If we didn’t take seconds when my Grandma Jo offered, her classic response was, “Fine, I guess I won’t make this meal again.” She consistently told us we were too skinny. And at times, if we didn’t want to try something, she would shame us by saying, “Good, more for the rest of us.” The family all knew that food was love when it came to Grandma Jo.
It was almost the opposite with my other grandmother. Grandma Gladys didn’t like to eat. She had nearly rotten teeth! She liked saltines with butter, pie at the local post office cafeteria, and considered a glass of milk to be dinner. As a little girl, I preferred the ease of enjoying decadent butter (we used margarine growing up) on salty crackers to fighting for Grandma Jo’s love by overeating.
Meal times in senior housing are daily events. Sometimes the food is good, but most often, adult children hear regular complaints about institutional food—there’s too much, it’s over cooked, it’s underdone, it’s too fancy, etc. Years ago I asked a group of elder care specialists what they would want if they lived in senior housing. Good coffee was the answer; Starbucks on every floor! I see mealtimes in senior housing from both sides. As a manager, it’s challenging (and costly) to have both flexible eating times and a wide variety. Obviously it’s much easier to “feed the masses” in restricted time frames with a set menu.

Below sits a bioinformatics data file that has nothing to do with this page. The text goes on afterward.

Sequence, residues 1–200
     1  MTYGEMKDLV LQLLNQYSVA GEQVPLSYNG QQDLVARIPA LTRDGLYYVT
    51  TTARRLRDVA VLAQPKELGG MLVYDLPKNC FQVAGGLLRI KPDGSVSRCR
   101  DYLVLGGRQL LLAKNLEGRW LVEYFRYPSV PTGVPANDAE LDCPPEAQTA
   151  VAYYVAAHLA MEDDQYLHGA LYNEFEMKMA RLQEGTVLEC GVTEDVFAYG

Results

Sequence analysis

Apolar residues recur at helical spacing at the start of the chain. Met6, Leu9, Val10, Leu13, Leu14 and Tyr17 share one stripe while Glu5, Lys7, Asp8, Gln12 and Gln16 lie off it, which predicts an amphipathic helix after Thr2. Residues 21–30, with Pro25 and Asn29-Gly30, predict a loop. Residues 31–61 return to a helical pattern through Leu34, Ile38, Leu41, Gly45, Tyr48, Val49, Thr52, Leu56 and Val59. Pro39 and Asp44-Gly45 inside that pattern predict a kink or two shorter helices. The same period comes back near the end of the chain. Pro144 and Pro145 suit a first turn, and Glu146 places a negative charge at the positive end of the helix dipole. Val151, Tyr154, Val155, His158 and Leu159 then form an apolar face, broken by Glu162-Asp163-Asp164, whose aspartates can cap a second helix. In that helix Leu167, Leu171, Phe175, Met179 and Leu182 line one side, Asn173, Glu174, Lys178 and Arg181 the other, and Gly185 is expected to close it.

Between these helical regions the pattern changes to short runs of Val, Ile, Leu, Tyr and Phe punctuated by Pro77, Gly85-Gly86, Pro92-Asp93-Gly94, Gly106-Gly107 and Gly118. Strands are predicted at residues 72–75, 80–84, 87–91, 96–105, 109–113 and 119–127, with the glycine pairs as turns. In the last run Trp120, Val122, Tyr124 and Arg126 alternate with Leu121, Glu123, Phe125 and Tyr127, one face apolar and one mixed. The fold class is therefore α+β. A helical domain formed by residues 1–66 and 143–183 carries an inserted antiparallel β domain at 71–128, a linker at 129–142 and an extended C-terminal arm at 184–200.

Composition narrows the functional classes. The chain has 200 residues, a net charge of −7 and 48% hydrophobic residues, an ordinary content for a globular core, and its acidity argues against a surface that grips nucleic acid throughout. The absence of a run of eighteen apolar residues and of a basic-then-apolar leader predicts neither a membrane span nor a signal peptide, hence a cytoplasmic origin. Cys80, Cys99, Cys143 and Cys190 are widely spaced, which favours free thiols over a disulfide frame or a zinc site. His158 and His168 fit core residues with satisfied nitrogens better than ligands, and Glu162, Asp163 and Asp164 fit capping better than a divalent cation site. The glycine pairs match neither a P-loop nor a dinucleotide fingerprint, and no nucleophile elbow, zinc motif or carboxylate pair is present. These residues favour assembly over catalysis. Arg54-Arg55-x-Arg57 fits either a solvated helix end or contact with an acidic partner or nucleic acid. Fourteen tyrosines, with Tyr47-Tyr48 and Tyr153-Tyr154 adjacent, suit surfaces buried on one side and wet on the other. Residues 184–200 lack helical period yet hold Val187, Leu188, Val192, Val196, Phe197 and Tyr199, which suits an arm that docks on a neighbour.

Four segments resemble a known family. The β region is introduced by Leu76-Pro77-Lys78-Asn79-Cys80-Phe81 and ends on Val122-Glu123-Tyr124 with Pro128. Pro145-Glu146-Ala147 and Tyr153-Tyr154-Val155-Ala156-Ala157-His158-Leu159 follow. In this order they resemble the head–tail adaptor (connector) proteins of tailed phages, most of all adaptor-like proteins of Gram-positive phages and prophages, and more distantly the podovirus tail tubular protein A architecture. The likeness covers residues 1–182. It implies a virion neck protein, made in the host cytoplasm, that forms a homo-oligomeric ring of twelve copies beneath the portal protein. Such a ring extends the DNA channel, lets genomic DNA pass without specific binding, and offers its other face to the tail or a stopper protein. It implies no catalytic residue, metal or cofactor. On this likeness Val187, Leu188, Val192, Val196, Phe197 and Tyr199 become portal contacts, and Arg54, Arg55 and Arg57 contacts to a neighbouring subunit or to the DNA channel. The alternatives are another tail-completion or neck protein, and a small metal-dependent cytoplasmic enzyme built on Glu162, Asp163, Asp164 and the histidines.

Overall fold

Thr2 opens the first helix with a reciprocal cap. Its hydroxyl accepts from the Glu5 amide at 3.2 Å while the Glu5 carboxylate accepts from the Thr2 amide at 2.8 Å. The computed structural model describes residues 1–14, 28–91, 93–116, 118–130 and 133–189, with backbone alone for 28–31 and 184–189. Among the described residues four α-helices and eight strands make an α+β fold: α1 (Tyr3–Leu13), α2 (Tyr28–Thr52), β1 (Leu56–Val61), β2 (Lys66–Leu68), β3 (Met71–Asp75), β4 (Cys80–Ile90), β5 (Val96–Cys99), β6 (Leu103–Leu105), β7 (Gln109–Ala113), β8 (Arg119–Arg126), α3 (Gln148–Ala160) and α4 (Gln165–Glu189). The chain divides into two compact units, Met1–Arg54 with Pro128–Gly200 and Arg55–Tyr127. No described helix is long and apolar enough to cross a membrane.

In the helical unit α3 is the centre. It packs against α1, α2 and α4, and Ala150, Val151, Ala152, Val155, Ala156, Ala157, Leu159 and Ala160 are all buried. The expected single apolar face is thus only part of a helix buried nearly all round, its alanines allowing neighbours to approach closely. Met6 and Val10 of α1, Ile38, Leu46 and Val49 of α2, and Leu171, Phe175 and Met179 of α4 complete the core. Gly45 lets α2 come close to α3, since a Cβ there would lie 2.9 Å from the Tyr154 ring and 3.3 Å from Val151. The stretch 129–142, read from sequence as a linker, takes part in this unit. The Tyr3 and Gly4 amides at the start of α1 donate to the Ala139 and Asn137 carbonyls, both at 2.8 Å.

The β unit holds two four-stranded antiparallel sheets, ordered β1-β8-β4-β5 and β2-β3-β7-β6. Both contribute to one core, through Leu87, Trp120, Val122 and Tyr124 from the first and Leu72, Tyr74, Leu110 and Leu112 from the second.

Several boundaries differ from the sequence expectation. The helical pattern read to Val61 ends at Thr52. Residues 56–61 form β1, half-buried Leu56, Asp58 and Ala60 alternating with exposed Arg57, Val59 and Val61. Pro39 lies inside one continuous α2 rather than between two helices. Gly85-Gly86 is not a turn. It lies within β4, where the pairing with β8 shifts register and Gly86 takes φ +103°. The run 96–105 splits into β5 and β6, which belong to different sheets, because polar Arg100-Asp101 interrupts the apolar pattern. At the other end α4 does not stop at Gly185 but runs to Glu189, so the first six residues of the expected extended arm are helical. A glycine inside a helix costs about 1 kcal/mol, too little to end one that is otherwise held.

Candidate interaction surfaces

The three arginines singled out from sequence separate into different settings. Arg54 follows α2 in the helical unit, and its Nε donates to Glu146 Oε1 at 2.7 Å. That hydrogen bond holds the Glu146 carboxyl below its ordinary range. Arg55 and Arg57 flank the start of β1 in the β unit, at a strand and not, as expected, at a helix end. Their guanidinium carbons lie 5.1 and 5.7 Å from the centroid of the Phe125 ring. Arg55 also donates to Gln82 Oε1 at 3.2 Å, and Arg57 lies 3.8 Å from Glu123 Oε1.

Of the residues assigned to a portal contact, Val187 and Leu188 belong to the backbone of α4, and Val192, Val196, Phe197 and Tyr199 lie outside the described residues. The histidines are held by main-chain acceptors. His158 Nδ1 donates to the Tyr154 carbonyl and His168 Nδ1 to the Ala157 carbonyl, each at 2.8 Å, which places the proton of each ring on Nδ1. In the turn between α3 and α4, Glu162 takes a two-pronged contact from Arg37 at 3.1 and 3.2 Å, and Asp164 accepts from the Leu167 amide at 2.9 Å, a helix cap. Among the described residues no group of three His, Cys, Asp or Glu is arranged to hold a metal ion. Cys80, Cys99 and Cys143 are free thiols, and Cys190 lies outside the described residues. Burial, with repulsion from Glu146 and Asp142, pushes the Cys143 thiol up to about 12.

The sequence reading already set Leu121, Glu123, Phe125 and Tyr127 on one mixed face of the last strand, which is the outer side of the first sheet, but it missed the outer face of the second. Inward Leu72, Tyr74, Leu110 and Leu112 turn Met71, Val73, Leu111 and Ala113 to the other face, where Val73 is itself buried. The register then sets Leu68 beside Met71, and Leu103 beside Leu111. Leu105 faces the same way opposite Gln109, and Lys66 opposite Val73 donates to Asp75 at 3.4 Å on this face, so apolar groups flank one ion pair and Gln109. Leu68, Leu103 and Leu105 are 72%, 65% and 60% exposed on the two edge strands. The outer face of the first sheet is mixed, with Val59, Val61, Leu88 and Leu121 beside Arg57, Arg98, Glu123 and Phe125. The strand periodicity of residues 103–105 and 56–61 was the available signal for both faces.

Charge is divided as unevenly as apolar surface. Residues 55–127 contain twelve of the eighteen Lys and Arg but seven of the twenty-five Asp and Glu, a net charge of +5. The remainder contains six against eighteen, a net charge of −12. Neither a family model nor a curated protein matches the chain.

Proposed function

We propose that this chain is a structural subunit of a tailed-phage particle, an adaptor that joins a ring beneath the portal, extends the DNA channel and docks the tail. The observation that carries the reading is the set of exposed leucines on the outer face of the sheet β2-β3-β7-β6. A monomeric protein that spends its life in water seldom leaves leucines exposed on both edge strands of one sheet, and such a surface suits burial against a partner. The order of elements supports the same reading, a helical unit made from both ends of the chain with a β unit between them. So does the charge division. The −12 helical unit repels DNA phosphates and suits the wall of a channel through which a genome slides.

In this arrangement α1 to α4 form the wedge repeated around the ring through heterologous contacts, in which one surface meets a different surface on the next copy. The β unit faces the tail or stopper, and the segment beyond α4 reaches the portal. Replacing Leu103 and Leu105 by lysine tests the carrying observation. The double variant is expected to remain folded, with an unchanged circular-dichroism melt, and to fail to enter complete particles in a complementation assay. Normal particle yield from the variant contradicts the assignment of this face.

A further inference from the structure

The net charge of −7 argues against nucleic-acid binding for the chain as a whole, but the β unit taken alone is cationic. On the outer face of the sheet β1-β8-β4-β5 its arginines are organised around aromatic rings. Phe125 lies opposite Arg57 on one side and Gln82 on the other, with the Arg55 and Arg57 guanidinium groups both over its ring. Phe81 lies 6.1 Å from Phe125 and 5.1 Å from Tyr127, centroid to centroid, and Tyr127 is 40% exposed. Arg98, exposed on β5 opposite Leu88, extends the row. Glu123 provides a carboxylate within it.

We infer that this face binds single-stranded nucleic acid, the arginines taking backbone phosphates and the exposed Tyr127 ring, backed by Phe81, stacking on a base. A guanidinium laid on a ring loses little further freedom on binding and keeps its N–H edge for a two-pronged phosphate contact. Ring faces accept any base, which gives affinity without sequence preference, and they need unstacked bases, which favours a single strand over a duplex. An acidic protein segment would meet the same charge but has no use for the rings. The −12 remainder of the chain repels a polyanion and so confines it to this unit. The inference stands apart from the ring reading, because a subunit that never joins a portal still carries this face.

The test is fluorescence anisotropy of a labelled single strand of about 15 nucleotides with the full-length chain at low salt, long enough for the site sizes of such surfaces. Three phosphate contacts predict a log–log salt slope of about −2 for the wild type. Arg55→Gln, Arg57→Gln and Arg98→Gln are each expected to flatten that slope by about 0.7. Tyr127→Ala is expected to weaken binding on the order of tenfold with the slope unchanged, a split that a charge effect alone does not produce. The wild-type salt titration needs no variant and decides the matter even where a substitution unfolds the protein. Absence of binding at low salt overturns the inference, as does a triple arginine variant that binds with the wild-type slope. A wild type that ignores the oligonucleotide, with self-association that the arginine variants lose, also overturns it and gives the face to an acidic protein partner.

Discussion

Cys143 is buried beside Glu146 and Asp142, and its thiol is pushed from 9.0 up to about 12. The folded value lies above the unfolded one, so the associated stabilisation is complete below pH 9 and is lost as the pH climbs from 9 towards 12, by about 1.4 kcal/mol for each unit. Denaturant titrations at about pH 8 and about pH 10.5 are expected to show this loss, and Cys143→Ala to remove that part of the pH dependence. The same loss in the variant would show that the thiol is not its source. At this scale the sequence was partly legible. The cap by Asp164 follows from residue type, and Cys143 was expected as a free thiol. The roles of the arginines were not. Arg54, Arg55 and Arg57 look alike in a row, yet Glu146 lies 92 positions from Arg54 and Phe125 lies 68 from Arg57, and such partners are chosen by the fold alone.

For some, mealtimes are the only time they leave their room or apartment. It’s community time, time for sharing during a meal. Most people agree that it’s much more enjoyable to make food for two versus one. But what if you’re caring for someone who can’t express their food wishes? I often wonder about my friend with YOAD (Young Onset Alzheimer’s). One time when I was with him, I asked, “Do you want a Peanut butter and jelly sandwich,” and his eyes lit up and he nodded his head and said, “yes,” while grinning.
If food is love, then while we care for someone, we need to remember their history of likes and dislikes. For some folks, Cheerios can be dinner, once in a while. Not every meal is a success. Sometimes I burn a meal and resort to a can of soup or a simple salad. That’s okay, too.
One of the hardest things to give up is food—both for your loved one and for you. In the last days of my mom’s life, she was not interested in food. My sister tried desperately to get her to eat, until the Hospice nurse said, “She really doesn’t need to eat….” There are times when not eating, but rather sitting with a loved one, is filling enough.
This piece originally appeared in Girlfriend’s Magazine earlier this summer.